| Observatory |
Some observing hilights
to look forward to...
The following tips on current and upcoming astronomical events
have been gathered from magazines and other sources by Dave Gamble
with the objective of giving OC RASC members a heads-up on
special personal astro-experiences to look forward to.
Wed. July 1 - Preparing for their midsummer performance, Saturn and Jupiter will rise after 1am low in the south between the stars of Capricornus and Sagittarius, only about a Moon's width apart.
Sat. July 4 - If this turns out to be a particularly hot day, a bit of consolation might be drawn from the thought that Earth is at aphelion, the farthest point in its orbit from the Sun, so it could be worse.
Sat. July 4 - This is Full Moon night with fully illuminated Luna rising low over the southern horizon late in the evening to brighten mid summer Okanagan scenes.
Sun. July 5 - Always ready to join a party, tonight after midnight the just past full Moon will rise just to the west of the Saturn, Jupiter pairing, creating an attractive summer tableau.
Fri. July 10 - In the wee hours after midnight tonight, the waning gibbous Moon will pose to the lower right of Mars. Our outer neighbour continues to increase in brightness as well as size in a telescope, as it moves ever nearer to its close opposition on October 13. Meanwhile, the tiny blue disk of Neptune can be seen with the aid of a telescope about the width of two fingers to Luna's upper right.
Sun. July 12 - This is Last Quarter Moon night. Luna will rise in the east in the early morning hours and the evenly divided disk will hang around to ornament the morning sky.
Tues. July 14 - Jupiter offers some great views particularly through telescopes, and tonight it will be at opposition, crowning its largest apparent size this year, culminating in the southern sky just after 1am.
Fri. July 17 - Just before daybreak this morning the waning crescent Moon will appear just to the left of Venus. If the pair rises over your eastern mountain line early enough you will also be able to see bright Aldebaran in Taurus just to the west of Venus.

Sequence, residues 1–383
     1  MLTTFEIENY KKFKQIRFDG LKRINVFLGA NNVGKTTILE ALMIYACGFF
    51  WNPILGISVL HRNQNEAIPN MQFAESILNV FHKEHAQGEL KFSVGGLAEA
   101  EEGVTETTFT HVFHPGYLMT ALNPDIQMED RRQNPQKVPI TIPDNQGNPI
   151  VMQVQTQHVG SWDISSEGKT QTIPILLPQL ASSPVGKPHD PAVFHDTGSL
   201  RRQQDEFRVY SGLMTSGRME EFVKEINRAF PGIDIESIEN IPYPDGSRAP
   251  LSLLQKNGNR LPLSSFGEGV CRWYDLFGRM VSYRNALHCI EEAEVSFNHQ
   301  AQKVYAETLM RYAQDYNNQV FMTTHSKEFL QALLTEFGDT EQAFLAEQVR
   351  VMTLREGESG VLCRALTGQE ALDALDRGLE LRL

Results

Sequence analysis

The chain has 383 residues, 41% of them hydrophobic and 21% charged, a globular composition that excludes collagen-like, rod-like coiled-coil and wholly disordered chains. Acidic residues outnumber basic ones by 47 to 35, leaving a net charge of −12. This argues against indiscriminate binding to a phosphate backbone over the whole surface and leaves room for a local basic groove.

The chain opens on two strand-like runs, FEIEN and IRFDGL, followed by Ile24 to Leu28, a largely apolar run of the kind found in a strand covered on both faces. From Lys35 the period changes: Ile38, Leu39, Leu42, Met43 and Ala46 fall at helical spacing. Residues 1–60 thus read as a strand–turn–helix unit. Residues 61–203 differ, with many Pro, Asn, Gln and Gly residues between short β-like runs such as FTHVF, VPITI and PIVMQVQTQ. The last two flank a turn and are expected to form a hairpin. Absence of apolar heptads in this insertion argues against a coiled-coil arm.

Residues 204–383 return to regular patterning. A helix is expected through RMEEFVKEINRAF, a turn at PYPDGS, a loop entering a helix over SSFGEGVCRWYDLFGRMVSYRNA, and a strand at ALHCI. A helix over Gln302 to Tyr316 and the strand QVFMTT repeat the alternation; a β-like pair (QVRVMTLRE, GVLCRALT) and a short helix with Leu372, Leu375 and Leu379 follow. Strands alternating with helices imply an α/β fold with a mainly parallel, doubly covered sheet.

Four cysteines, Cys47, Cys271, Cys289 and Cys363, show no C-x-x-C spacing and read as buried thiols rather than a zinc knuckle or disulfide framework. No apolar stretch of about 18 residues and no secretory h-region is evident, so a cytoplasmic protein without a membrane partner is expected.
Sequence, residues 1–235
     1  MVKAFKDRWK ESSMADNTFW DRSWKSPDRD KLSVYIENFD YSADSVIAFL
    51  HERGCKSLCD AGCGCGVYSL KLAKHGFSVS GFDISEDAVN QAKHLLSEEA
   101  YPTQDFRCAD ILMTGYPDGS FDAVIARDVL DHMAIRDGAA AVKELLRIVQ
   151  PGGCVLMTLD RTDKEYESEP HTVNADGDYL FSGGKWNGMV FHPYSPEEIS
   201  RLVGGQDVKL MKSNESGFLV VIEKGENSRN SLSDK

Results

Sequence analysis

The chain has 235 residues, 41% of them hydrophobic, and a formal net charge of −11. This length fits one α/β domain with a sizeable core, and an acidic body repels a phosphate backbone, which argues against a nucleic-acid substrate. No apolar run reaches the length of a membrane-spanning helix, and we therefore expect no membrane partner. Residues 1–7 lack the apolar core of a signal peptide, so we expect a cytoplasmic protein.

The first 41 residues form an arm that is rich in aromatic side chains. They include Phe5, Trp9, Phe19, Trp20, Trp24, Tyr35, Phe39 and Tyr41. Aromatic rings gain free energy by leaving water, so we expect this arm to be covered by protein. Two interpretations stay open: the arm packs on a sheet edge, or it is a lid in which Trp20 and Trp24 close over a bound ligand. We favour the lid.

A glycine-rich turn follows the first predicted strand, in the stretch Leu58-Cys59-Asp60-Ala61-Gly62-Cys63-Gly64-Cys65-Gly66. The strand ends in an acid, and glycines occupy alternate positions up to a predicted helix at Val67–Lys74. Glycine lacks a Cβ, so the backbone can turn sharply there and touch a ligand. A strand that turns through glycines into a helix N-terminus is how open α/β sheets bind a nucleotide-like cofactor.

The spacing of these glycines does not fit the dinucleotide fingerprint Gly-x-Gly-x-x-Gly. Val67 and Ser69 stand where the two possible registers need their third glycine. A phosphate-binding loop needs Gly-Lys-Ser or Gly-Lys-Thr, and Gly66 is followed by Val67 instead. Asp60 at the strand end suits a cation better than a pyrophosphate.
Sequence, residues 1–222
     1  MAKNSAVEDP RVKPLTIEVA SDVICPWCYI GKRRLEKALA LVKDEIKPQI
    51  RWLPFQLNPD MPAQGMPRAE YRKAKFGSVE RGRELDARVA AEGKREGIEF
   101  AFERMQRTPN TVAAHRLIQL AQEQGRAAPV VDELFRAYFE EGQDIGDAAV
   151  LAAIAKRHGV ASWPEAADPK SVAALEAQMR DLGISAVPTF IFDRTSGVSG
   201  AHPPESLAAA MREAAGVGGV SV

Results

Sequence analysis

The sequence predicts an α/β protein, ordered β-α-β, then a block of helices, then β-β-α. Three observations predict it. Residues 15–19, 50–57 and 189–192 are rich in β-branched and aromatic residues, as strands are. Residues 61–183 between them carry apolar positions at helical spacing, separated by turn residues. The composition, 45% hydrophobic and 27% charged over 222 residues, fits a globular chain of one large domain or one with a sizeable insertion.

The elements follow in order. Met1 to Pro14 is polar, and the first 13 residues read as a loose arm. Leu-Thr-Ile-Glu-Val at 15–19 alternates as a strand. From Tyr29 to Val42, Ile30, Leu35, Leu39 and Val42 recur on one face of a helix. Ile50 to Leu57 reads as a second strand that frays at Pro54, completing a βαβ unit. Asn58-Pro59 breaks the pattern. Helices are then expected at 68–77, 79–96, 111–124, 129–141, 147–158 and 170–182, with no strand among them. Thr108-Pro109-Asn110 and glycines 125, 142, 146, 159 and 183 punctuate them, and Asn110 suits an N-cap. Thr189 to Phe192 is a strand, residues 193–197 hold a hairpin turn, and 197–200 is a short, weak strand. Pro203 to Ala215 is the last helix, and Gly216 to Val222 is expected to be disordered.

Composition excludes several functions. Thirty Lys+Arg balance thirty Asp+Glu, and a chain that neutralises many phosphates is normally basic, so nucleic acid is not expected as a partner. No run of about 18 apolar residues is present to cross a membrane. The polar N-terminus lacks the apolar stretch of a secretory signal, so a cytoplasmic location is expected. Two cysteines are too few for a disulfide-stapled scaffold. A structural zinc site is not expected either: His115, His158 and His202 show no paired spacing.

Mon. July 20 - While Jupiter had its turn a week ago, tonight it is magnificent Saturn that reaches opposition. In a telescope, the second largest planet not only sports tiny moons, but her spectacular rings as well, now as large as they will appear this time round.
Mon. July 20 - This is New Moon night when our neighbour is completely out of the night sky, allowing deep sky observing and imaging… if the weatherman cooperates.
Wed. July 22 - It will be a close one from our latitude, however if you have a very low western horizon you may get a glimpse of a very young fingernail paring crescent Moon about the width of two fingers from the star Regulus. Its constellation Leo is preparing to dip below the western horizon where it will discretely pass behind the Sun to emerge into the dawn sky in late October.
Mon. July 27 - This is First Quarter Moon night. As darkness falls Luna's half sphere will shine down from the south inviting exploration of its crater strewn terminator with binoculars or a telescope.
Tues. July 28 - The Southern Delta Aquarid meteor shower peaks in the early morning hours tomorrow morning. Not being one of the more prominent showers, this one will be best viewed when the waxing gibbous Moon exits stage west after 11pm, with the peak occurring in the pre-dawn hours. Look for 'shooting stars' radiating upward from the southern sky in the early morning hours for a few days before and after as well.
Wed. July 29 - After 10pm tonight you might want to take a moment to look just to the southwest of the waxing gibbous Moon for the bright star Antares. At home it is a red supergiant star so large that, if it replaced the Sun, its outer surface would be somewhere between the orbits of Mars and Jupiter.
Fri. July 31 - And, at the end of the month, we return to where we began… with an evenly spaced congo line of Saturn, Jupiter and the waxing gibbous Moon arranged over the southern horizon around 11pm.